Then everything is re-uploaded.  The online preview screen looks quite cool.  And it is a waiting game of approximately 10 days before I all but rugby tackle the postie to wrestle the box away from them.  The cards arrive shrink wrapped and well packaged.  And the end result?  I am happy.  The cut was actually very good.  No obvious off-centred borders.  It is a deck of 84 cards and is a little chunky compared to most decks but I have to say - I love it.

Davina Deck

Do I have any particular favourites?  Well, even though it is a definitive deck I have a soft spot for a few.  I did have an attempt at creating my own deck a few years ago, but sadly the artist who came on board as a partner (I paid for his boards and pencils to help him) just disappeared after a year with no warning and no further contact. I was left with 26 images and some of those have made their way into my patchwork deck.  So they for sure are favourites.  I do have others though:

Snowland Collage Davina smaller

Emperor (Snowland Deck). So square in his thinking (no grey areas with this guy).

Death (Snowland Deck).  I love how the snowman is smiling down on his changed form.

Hermit (Snowland Deck). I think the artist just did a great job on this card.  As an airbrusher myself I really appreciated how the Aurora Borealis was captured.

If I had my arm twisted and had to name a favourite deck, it is the Zombie Tarot; I have a couple in particular that make me smile.  Actually make that three. There are more but I was being strict with this prĂ©cis. 

Zombie davina smaller

Queen of Swords.  Granny with an uzi is a granny with attitude.  Love it.

Knight of Pentacles.  Slow and steady, so a car accident results more in dented pride than dented bodywork.

10 of Cups. Shows the zombie with a swim cap.  Genius.  But still a traditional portrayal of the 10 of Cups.  The zombie adds a bit of ... something though.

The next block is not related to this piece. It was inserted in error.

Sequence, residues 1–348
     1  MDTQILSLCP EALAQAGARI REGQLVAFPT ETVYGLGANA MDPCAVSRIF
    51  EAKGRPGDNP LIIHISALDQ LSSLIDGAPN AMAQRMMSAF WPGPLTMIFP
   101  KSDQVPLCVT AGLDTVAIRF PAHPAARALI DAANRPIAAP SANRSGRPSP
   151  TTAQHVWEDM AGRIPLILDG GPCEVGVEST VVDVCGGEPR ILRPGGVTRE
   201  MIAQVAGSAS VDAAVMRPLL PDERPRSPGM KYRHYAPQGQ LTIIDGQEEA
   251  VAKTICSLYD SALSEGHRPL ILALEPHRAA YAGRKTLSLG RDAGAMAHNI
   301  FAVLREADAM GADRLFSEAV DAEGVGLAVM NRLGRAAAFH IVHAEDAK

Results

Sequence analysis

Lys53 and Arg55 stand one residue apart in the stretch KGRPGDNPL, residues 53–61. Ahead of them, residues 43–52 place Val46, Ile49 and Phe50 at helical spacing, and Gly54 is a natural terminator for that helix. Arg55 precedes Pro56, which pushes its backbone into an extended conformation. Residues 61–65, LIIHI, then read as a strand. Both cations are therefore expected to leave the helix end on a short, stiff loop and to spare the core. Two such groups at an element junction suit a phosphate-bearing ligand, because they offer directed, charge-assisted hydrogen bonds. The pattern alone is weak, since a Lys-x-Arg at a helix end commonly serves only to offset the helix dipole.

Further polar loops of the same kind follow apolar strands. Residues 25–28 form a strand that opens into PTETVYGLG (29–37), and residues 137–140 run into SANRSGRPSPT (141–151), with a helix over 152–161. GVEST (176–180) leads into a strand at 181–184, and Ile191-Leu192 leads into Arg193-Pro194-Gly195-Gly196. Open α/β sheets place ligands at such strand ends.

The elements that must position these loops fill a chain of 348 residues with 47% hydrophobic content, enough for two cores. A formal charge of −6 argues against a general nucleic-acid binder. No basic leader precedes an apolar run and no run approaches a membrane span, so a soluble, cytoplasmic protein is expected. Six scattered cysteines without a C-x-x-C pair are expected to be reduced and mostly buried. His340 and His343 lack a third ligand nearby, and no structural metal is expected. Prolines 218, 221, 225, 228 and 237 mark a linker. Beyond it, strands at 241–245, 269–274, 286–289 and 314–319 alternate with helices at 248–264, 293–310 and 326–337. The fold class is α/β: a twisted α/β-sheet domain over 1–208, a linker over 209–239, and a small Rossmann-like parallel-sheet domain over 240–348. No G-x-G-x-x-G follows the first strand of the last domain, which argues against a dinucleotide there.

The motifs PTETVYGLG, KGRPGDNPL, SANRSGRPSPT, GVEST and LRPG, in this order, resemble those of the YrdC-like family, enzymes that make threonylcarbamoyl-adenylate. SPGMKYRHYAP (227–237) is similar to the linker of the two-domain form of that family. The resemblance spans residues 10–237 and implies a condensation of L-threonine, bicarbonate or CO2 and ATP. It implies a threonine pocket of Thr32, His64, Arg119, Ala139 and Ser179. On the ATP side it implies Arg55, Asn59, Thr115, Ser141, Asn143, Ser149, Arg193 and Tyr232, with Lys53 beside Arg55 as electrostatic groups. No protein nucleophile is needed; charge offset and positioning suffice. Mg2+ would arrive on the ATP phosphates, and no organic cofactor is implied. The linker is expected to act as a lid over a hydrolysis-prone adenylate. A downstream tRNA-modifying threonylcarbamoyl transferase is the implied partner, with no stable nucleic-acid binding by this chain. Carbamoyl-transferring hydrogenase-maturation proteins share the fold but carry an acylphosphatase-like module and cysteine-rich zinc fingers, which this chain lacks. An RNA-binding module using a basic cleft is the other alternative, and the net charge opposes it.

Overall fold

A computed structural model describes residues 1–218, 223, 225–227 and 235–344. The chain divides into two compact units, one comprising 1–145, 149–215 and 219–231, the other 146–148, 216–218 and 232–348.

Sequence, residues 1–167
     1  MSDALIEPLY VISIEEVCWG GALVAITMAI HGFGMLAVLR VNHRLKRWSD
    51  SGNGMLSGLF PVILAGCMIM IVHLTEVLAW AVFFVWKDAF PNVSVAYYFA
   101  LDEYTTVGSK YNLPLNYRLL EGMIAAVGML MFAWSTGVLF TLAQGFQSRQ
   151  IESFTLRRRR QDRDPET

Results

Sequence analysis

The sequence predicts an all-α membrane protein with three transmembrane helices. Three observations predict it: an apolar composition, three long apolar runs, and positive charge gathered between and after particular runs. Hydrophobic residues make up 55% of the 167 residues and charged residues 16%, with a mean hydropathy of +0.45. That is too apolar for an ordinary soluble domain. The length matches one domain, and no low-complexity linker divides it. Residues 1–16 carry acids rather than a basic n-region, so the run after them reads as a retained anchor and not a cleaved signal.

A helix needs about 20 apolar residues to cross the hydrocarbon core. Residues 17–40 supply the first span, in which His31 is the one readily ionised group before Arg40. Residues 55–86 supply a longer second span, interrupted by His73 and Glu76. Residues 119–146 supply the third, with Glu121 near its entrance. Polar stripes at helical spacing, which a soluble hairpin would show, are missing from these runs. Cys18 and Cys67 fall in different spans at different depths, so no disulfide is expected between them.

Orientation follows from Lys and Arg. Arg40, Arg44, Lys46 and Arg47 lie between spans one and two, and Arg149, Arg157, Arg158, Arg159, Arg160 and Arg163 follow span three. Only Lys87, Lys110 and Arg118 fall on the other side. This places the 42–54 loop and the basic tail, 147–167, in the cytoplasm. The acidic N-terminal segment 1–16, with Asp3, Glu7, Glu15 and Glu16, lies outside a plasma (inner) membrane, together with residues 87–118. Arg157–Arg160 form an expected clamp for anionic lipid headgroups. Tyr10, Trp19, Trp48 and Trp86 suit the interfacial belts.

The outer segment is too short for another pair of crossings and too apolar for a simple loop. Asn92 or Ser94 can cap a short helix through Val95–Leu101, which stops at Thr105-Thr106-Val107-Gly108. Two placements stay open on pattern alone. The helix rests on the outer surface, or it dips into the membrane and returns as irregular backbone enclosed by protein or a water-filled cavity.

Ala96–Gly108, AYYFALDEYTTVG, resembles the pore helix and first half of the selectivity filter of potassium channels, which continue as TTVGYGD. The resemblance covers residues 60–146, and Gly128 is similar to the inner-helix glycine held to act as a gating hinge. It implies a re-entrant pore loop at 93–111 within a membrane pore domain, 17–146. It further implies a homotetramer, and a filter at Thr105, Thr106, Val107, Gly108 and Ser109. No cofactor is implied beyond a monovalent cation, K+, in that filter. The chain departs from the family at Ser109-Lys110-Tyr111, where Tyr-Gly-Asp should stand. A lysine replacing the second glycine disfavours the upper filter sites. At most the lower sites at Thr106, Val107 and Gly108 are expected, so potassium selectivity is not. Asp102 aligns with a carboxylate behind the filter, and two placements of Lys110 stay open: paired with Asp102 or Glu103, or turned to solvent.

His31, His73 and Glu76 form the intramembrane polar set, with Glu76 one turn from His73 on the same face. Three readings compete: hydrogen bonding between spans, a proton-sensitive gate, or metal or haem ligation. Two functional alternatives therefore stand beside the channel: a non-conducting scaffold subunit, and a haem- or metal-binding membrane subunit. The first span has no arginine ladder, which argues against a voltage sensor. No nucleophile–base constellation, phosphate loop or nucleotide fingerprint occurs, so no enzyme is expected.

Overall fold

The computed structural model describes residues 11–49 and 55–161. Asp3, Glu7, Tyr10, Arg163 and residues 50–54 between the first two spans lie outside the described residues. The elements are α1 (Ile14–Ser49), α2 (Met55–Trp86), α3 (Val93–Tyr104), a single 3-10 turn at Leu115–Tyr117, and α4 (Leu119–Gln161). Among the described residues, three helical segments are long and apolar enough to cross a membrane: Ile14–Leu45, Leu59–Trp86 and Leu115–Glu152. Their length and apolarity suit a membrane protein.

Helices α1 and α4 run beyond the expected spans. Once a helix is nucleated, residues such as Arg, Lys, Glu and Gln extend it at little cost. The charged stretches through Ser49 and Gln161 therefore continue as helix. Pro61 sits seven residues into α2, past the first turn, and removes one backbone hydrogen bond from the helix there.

6 of coins from the Deirdre of the Sorrows deck.  Showing a pregnant woman giving money to a vagrant really makes you think of who has the real need.  The scene is set outside a charity shop which again - adds a new aspect to give pause for thought.

10 of swords from the Tarot of the 78 Doors Pulling the plug. How many times have we had that option to alleviate stress and cannot pull ourselves away from the screen and the cause of upset?

7 of swords from the Granny Jones Tarot.  Now this is a great deck and I love the different takes available in one simple image. In fact this describes my favourite style of artwork:

Simple, hand created, tells a story, has loads going on and is modern.  I like using decks that anyone can look at and not feel intimidated due to it being a bit too esoteric, or too heavy on symbolism.


Then I have the 8 of Coins from the Bright Idea Deck.

One of those incredibly underrated decks.  Mark McElroy has the rights reverted back to him and I hope he can do well with any future release.  This makes you consider what is the best approach - taking time to create something as a one off that is special, or creating the same thing over and over in mass quantities.

So there you have it.  The why, the how, and a bit more.

Oh of course I didn't just have cards. Oh no.  The journals looked awesome too.  So permission was requested for use of some really beautiful images for the cover and rear.  Permission was granted and I am now a proud owner of a couple of personalised journals.  Just perfect for writing up thoughts regarding my readings, musings and other general tarot stuff.  

Davina Fave Deck 2

Comments

Craig Conley

What a great post! :-D

Janet Boyer

Isn't that the coolest thing, Craig? Brilliant!